Offenders can attract a maximum sentence of five years and/or a fine of up to $100,000. The legal status of some species varies. For example, rudd is only a ‘sports fish’ in the Auckland–Waikato fish and game region, but a ‘noxious fish’ elsewhere. Some species, such as caudo, goldfish and orfe, have no legal status.

Value or pest?

Some coarse fish are valued as food (European perch), or for recreational angling (European perch, koi carp, rudd, tench). Some have adverse effects on ecosystems (koi carp, rudd, tench, gambusia), while others are valued for their use in biological control (grass carp and silver carp). When ‘noxious fish’ or ‘unwanted organisms’ are found in contained areas such as ponds or small lakes, authorities sometimes eradicate them using the natural toxin rotenone, known as Derris Dust to gardeners.

Cyprinids – goldfish, carp and others


Goldfish (Carassius auratus) were imported early after Europeans settled in New Zealand, although exactly when is uncertain. They were probably introduced by aquarists and pond-keepers as an ornamental species. They were liberated into wild habitats such as Lake Taupō and Lake Rotorua in the 1870s, and by the 2000s were widespread, mostly living in ponds and small lakes, and probably harmless.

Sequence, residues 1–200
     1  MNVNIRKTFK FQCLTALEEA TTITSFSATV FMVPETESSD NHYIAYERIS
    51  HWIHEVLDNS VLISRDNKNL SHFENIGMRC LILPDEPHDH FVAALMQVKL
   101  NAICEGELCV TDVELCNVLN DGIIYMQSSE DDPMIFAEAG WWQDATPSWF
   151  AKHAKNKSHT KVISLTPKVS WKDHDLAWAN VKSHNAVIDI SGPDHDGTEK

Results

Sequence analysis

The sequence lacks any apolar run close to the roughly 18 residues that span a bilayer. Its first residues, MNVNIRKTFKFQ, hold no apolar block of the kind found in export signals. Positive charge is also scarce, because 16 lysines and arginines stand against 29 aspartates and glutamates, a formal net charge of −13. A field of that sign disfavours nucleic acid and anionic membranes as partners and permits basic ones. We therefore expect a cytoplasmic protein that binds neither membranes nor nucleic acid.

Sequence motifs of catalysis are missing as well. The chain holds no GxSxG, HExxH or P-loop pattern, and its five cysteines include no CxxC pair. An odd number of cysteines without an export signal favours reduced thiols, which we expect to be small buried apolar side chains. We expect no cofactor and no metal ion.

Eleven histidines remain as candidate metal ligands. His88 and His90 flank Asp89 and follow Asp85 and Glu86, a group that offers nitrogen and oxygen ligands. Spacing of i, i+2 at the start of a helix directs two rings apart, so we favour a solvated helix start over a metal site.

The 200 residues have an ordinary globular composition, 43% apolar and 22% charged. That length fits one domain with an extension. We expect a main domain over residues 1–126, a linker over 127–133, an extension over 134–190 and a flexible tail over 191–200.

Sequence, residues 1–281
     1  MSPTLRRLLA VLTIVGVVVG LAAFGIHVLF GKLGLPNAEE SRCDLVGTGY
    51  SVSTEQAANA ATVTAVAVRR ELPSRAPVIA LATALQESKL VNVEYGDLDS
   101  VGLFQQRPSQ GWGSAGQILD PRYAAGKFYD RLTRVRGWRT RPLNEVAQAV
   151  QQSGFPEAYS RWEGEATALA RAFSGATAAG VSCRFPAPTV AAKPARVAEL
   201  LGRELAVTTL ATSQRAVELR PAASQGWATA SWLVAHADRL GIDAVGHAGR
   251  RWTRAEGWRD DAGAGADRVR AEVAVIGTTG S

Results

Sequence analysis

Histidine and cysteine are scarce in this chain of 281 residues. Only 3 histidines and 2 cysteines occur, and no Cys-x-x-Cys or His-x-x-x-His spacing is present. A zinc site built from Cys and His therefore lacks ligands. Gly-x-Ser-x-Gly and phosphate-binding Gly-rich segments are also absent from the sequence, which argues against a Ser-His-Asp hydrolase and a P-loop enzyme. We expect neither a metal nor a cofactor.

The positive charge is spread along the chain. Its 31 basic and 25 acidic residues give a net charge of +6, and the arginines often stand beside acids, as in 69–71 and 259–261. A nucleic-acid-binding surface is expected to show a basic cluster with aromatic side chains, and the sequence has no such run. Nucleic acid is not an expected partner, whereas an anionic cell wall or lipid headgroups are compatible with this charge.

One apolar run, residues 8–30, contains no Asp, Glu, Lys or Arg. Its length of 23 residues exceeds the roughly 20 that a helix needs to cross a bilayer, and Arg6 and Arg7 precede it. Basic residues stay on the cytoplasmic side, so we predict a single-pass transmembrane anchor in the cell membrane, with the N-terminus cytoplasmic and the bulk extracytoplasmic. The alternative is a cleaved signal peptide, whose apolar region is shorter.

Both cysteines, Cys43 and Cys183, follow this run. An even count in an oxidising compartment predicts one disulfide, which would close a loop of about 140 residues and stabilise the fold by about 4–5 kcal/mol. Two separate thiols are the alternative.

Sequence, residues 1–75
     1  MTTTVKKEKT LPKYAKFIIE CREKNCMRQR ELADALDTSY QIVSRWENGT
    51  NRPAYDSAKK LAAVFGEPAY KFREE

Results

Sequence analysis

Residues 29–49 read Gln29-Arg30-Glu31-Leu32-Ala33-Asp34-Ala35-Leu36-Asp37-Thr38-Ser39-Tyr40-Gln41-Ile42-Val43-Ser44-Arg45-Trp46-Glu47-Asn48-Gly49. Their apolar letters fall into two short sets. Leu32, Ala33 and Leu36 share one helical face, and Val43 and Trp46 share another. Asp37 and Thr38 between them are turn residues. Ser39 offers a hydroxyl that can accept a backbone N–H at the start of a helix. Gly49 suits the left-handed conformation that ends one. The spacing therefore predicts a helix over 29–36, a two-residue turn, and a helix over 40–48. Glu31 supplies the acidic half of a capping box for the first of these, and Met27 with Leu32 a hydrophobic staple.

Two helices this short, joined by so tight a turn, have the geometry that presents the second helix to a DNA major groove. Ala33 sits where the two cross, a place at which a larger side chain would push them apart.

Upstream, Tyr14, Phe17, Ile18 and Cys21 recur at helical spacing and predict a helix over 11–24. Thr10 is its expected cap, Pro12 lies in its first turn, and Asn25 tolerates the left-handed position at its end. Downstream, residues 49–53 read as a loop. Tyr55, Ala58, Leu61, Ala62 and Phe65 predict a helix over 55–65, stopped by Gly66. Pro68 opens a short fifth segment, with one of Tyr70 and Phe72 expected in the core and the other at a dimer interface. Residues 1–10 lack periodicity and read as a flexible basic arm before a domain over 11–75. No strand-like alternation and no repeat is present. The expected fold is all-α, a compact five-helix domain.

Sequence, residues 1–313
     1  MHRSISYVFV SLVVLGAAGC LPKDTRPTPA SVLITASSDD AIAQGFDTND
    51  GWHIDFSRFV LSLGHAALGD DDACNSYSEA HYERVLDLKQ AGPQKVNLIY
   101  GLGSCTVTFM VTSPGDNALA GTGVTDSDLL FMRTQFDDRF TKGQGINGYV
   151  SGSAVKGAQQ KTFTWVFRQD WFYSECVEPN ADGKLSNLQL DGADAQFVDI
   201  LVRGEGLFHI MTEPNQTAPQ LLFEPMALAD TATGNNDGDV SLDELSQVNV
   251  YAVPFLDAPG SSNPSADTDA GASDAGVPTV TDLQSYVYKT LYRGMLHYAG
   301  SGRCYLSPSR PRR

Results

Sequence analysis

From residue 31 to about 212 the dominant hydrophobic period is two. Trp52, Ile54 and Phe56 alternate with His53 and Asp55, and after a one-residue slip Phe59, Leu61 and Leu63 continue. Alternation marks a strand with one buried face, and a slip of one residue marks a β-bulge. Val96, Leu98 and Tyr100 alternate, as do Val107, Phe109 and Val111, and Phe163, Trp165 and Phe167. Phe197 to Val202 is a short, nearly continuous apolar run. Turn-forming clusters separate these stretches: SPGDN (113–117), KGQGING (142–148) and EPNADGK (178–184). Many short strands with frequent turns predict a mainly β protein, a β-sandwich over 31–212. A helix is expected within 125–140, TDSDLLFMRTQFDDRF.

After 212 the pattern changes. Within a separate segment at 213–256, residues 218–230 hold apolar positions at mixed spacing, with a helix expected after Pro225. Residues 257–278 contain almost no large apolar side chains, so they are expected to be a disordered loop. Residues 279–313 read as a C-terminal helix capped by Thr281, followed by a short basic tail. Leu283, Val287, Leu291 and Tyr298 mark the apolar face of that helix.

Morihana on horseback

Sub-Inspector Morrison of the Armed Constabulary released goldfish into Lake Taupō in 1873, after bringing the fish on horseback from Napier. Goldfish became known to Māori as morihana – a transliteration of Morrison’s name. For some time morihana were a food for Rotorua Māori.

Koi carp

Koi or European carp (Cyprinus carpio) were brought to New Zealand in the 1800s, but did not become established in the wild until the 1960s, when ornamental koi were released. They are now abundant in the lakes of the lower Waikato, and present in some other areas, especially the north.

Globally koi carp are a problem. They churn up the beds of wetlands while searching for food, causing environmental deterioration. In New Zealand koi are classed as a ‘noxious fish’ and an ‘unwanted organism’, making their possession unlawful. Nevertheless, they are a target of recreational coarse fishers (who are illegally spreading the fish around the country), because of their size (10 kilograms or more) and fighting ability. Bow hunters look for koi carp in the Waikato wetlands.